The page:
Today, the family has a facility of more than 200,000 sq.ft. and exports to more than 17 countries worldwide.

The family is believed to be the largest holder of undeveloped lands in Burlington and has in the past number of years fought the city on almost every development project it has started.

Paletta International head office in Burlington

His family has developed thousands of residential units, constructed more than 500,000 sq. ft. of buildings, developed hundreds of acres of property for retail and employment, farmed thousands of acres and expanded into film, media and entertainment.

Over the past eight years, BEDC has inducted the following acclaimed business people into Burlington’s Business Hall of Fame: Harry Voortman (Voortman Cookies), Mark Chamberlain (Trivaris), Michael Lee-Chin (AIC Ltd. /Portland Holdings), Michael DeGroote Sr. (Laidlaw/Republic), Ron Joyce (Tim Horton’s), Murray Hogarth (Pioneer Petroleums), Ron Foxcroft (Fox40 International) and Reginald Pollard (Pollard Windows Inc.).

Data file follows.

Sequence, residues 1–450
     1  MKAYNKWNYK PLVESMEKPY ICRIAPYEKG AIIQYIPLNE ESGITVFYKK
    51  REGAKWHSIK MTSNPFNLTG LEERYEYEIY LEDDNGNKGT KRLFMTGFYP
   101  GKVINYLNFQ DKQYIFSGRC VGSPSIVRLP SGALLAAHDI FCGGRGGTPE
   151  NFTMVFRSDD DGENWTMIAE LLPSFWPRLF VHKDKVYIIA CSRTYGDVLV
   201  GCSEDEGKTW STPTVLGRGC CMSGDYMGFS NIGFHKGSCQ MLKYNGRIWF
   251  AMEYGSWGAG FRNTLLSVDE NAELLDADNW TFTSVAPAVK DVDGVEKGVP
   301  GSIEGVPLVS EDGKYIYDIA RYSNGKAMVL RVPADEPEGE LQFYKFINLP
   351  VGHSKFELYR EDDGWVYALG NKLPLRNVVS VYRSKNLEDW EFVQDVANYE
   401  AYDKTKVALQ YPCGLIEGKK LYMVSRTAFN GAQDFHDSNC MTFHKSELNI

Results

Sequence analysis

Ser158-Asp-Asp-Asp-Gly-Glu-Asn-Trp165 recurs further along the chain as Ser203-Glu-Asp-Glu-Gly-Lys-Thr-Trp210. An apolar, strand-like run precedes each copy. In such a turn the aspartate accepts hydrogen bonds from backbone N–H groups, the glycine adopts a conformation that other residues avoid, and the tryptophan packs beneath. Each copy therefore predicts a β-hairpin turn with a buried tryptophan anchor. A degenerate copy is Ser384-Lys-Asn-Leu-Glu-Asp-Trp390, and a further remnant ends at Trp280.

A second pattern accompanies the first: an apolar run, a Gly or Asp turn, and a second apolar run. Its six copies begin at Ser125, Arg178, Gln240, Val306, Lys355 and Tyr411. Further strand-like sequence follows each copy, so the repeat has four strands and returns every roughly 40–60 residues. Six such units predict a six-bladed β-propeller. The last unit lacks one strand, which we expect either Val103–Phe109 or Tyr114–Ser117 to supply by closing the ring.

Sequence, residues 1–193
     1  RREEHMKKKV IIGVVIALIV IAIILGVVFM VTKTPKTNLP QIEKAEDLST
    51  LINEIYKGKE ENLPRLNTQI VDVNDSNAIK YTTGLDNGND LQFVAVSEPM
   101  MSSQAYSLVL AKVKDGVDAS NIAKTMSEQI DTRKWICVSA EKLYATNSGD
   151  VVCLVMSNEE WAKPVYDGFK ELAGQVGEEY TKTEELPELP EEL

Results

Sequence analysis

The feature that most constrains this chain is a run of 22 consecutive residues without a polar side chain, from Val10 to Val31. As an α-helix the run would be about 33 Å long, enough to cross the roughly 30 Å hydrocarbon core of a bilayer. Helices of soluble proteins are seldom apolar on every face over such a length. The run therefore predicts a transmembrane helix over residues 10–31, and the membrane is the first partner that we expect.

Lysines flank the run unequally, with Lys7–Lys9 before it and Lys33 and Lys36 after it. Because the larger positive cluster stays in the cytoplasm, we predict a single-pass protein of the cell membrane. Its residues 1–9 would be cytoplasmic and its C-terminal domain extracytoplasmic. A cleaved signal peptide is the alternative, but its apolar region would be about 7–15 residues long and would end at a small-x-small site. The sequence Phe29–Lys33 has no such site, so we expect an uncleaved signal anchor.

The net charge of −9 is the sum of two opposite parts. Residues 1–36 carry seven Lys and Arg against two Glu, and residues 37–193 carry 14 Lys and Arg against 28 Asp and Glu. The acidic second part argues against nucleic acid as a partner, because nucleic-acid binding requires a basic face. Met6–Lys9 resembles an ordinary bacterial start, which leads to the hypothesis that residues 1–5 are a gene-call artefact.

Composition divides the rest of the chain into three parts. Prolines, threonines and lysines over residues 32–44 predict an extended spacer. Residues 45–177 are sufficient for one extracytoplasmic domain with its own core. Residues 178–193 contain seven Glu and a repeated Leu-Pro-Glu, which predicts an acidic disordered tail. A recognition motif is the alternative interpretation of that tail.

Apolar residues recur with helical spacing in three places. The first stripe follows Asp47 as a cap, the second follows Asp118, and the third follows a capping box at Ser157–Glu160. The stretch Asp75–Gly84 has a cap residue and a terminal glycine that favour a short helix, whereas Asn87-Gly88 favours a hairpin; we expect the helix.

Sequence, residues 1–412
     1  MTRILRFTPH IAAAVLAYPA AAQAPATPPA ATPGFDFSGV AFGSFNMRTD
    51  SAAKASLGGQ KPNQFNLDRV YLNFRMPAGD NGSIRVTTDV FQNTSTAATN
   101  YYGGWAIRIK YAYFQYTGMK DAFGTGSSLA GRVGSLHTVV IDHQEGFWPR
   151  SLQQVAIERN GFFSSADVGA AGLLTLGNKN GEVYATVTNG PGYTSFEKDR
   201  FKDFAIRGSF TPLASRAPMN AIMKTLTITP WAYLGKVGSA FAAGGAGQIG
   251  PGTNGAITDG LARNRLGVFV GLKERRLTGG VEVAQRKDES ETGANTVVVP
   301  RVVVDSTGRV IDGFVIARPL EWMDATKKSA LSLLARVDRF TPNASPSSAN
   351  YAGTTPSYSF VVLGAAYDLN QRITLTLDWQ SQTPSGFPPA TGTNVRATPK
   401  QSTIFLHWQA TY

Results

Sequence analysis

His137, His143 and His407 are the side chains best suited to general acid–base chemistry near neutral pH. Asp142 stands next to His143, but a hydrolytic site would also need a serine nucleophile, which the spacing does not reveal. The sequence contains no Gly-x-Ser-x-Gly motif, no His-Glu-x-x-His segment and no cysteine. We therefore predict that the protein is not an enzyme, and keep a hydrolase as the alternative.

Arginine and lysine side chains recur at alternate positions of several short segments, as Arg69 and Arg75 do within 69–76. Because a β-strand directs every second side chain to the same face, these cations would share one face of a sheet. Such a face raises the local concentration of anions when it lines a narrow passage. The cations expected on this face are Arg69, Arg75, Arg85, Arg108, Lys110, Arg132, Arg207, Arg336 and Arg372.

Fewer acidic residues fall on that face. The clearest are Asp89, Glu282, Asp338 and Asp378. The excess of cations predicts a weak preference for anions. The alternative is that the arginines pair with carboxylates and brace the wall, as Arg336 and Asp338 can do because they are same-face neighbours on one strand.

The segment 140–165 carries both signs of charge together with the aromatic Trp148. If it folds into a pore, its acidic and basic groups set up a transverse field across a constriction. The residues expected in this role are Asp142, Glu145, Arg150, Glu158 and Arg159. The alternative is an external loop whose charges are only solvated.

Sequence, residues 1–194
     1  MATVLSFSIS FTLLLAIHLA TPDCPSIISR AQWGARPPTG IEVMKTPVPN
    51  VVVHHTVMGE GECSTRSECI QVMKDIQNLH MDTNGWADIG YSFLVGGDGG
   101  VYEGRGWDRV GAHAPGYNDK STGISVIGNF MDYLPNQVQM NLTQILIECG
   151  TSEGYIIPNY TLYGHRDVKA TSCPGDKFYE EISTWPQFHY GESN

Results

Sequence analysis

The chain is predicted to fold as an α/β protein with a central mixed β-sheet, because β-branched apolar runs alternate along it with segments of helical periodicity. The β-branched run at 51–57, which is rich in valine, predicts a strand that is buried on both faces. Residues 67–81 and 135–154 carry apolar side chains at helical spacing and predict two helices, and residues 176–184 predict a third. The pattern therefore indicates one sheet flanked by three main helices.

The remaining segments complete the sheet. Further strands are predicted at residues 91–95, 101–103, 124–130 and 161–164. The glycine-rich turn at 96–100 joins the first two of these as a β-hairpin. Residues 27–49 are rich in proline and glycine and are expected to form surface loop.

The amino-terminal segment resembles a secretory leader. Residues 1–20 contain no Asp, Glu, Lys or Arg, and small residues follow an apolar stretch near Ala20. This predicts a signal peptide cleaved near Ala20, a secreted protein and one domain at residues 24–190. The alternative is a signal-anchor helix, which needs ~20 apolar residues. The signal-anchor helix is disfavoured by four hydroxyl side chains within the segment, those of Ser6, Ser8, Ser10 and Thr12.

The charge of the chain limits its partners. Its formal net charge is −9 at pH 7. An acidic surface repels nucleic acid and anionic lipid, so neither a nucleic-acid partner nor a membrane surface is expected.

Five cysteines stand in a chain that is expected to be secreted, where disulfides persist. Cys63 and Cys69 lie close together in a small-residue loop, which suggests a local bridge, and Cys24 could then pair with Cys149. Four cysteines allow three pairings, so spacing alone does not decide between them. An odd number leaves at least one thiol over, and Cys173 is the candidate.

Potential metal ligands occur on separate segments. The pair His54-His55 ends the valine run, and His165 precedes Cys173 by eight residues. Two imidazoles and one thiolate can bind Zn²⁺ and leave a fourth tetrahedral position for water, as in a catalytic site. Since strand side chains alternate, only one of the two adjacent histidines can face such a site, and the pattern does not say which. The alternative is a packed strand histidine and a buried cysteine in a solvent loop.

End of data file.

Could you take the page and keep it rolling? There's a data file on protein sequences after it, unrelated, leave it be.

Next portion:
Each year a call for nominations is sent out to the business community. Then a nominating committee made up of BEDC board of directors chooses the entrepreneur by using stringent evaluation criteria.

“We have been very fortunate to have had some of Burlington’s most successful entrepreneurs inducted into our Business Hall of Fame, Mr. Paletta is an ideal choice for this significant accomplishment,” said Alf Zeuner, chair of the BEDC’s board of directors. “It was with great interest to review the achievements of all nominees. Making the decision of the final recipient was not easy as Burlington is home to many outstanding entrepreneurs.”